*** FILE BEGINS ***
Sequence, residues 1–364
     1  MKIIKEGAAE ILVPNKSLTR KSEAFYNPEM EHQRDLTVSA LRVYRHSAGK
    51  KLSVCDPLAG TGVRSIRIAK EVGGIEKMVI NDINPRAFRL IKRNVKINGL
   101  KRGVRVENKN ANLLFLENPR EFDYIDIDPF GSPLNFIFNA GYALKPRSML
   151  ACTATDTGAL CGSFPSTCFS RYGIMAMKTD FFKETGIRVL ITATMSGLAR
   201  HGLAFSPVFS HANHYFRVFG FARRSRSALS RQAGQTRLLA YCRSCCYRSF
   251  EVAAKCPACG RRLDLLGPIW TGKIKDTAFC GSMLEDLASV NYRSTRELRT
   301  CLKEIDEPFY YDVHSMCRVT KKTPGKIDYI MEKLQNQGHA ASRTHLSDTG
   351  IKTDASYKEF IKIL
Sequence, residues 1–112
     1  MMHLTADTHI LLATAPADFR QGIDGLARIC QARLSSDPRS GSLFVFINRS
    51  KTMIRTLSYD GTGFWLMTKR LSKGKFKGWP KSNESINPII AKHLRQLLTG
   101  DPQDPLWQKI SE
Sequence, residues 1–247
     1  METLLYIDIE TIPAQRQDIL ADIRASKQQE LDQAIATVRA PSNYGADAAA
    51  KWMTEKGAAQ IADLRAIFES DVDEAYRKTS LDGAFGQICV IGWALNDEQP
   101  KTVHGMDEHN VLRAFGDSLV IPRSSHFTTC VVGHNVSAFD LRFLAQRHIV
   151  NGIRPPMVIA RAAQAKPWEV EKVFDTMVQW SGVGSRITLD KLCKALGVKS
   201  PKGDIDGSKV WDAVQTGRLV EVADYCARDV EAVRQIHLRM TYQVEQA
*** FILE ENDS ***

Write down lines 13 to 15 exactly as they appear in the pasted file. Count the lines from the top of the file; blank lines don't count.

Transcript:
   101  DPQDPLWQKI SE
Sequence, residues 1–247
     1  METLLYIDIE TIPAQRQDIL ADIRASKQQE LDQAIATVRA PSNYGADAAA